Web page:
In my teens, I became aware of women’s rights from watching the 1960s comedic sitcom on TVLand, That Girl, starring Marlo Thomas. In the show, a young woman, Anne Marie, quits her job as a teacher, moves out of her parents’ suburban home in Brewster, NY, and pursues her dream of becoming an actress in New York City. That Girl was first TV show to focus on a single woman breaking the social expectation of being a housewife.
Watching in the 21st century, I didn’t initially understand why it was so groundbreaking—I’d seen young woman living independently, both on TV and in real life, for years—so it made me realize how much progress women had made in the past 50 years. The expectations I had about my life, things I often took for granted, were actually the victories of previous generations of women’s rights advocates.
I was infused with the courage to fight for equal rights for women. While researching for my high school English project on women in politics, I learned about America’s iconic feminist leader Gloria Steinem. I found out that Ms.Steinem was, in fact, dear friends with Ms.Thomas. They had worked together as activists for women’s rights in the ’70s.
I admired these two women, because they fought for our rights and believed that we can do anything. Their conviction lit a fire in me.
In March 2011, Marlo Thomas announced on her Facebook page she would host Gloria Steinem on her online video segment, “Mondays with Marlo,” to honor and celebrate Women’s History Month. The public was invited to submit questions for Ms. Steinem. I was giddy with excitement! I submitted my question:
Dear Ms. Steinem,
My name is Megan Cahill-Assenza. I’m 18 years old and a freshman in college. I love how far women have come, and I’m excited that we keep paving the way. My question is: how can I be involved in improving women’s rights?
I gave a long, nervous exhale when I clicked the submit button. I eagerly waited for a few days to see if my question would be picked. When the video was published, I sat and watched the 30-minute video in the evening after I finished my homework. About 27 minutes in, I had started to accept that they hadn’t chosen my question.
But then: “Here’s an interesting and important question for young girls. This is from Megan Cahill-Assenza…” said Marlo Thomas to Gloria Steinem. I shrieked! I was electrified, first because Ms.Thomas said my name, and second because one of my feminist idols was going to speak to me directly!
Ms. Steinem considered my question for a moment, then looked directly at the camera and said, “When you wake up in the morning and you look at yourself in the mirror, look at yourself and celebrate who you are.”
I didn’t know what I expected when I asked the question, but I was certainly surprised that her advice didn’t even require leaving my house. Perhaps I thought she’d tell me to get involved in campus activism, or to fundraise. Instead, her answer was very personal, very internal. Celebrate myself.
But, I didn’t know how celebrate myself. I didn’t even know what that meant. Do I throw a party? She said I should look in the mirror; does she mean I need to believe that I am beautiful?
I shared the video with a teacher, who knew how excited I was to submit my question. She was able to explain Steinem’s message to me in a way I could understand. “She is not referring about how young women feel about their looks.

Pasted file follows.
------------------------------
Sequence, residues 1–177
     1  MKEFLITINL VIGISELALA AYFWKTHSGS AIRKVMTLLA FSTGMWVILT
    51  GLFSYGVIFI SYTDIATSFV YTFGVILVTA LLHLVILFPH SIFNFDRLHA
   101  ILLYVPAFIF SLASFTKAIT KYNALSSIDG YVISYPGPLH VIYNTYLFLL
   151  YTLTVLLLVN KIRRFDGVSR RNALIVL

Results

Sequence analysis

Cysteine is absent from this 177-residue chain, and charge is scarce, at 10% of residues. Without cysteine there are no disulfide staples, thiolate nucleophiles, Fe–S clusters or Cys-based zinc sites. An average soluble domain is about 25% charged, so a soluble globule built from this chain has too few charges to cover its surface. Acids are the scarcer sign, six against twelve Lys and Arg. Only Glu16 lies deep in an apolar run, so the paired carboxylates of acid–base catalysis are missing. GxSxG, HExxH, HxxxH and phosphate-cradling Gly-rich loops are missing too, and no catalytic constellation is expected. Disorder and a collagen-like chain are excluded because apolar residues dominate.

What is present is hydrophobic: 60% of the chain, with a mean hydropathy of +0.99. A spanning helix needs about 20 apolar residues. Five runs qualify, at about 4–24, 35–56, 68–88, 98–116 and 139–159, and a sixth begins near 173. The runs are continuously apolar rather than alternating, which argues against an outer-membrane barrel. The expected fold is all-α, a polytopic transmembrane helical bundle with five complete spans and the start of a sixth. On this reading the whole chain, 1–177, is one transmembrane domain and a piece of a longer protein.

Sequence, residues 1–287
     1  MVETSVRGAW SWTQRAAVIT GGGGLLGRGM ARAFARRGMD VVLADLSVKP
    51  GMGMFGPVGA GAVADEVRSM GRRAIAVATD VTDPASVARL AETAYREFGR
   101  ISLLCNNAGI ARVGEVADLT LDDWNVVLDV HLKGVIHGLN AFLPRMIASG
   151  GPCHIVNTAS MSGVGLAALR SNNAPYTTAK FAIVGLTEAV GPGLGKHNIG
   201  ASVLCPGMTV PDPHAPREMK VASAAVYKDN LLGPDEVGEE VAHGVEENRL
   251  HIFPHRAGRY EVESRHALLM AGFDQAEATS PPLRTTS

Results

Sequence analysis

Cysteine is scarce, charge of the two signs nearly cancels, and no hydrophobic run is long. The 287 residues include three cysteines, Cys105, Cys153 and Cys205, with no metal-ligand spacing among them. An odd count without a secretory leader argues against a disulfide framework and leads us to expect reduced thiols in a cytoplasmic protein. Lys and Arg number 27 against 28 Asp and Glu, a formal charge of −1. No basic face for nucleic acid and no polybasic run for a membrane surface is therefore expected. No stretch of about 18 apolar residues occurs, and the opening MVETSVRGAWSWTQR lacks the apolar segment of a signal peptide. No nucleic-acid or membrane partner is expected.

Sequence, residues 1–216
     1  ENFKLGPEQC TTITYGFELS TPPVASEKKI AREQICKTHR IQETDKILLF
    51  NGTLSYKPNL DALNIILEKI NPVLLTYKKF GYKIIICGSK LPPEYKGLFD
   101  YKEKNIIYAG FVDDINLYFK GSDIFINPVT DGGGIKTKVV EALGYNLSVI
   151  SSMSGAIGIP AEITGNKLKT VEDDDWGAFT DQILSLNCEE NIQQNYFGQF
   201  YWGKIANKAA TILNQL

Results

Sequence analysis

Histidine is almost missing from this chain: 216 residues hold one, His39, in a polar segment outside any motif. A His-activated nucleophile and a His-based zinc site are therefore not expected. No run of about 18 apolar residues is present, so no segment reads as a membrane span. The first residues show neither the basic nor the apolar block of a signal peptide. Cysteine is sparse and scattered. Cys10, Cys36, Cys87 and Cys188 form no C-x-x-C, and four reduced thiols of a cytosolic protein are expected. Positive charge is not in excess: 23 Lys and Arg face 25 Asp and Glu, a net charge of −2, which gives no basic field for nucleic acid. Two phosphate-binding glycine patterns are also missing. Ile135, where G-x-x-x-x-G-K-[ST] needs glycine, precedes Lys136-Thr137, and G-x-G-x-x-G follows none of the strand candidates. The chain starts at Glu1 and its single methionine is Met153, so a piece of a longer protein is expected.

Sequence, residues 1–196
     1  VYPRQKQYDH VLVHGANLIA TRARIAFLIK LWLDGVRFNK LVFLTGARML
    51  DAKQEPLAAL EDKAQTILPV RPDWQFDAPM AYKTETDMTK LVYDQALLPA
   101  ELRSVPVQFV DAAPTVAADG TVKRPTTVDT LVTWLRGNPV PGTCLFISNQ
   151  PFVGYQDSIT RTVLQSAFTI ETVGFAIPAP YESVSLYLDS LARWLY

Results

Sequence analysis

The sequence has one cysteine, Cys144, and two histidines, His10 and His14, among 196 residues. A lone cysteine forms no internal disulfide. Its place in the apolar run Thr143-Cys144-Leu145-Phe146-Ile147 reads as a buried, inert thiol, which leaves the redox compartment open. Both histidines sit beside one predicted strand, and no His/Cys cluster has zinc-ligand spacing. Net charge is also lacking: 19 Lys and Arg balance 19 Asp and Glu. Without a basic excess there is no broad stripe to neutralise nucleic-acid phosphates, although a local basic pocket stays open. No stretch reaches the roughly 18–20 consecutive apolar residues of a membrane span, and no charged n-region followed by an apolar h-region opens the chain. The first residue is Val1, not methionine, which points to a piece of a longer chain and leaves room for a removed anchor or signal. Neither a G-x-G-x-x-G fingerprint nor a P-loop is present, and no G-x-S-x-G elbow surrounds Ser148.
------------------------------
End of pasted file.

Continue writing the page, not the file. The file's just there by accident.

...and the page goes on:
To ‘celebrate,’” my teacher said, “means to accept with love, enthusiasm, and confidence. She wants you to create a deep sense of power within yourself.”
I went back and listened to Steinem with this concept in mind, and only then did I understand her message.
To accept who we are with love, enthusiasm, and confidence sets a tone not only for yourself, but, more importantly, for all women. We fulfill our being in the world—on a college campus, in the workforce, within relationships with family and friends—through the way we think and feel about ourselves and, in doing so, serve as a model for all women of all ages.
Many young women, especially in their late teens and early twenties, are figuring out who they are and their likes and dislikes. This process takes time. If we are impatient, these questions can become doubts and fears. Becoming consumed by our doubts and fears can lead us to wallow in low self-esteem.
However, when you put the time and work into discovering yourself—what’s true, what’s irrational—you will one day reach self-assurance and serve as a role model for all women.
Young women wanting to get involved in the women’s movement of today may think joining an organization or becoming member of like-minded individuals would be the first step. Being a participant in events, discussions about the issues women face, rallies, or fundraising, would certainly be great choices, but Steinem’s message brought my focus from looking out to looking in. I needed to see that I am confident, rather than meek and fearful.
By creating for yourself a strong foundation of confidence and self-love, you will lead as an exemplary woman for other women wanting to be like that girl—continuing the movement in a positive and powerful direction for women’s rights.
Steinem’s courageous actions to make a difference was infectious to me. Her appealing attribute of “I can” encouraged me to get involved with to women’s rights and to want to believe in myself. Her message to me was to invest in self-love and self-esteem.
To this day, I’m still grateful for Ms.Thomas and Ms.Steinem to have chosen and answered my question, but I’m even more grateful that they showed me how I can make a difference and improve the rights for women. It starts every morning as I look in the mirror and celebrate who I am.
Published on Metiza November 2, 2018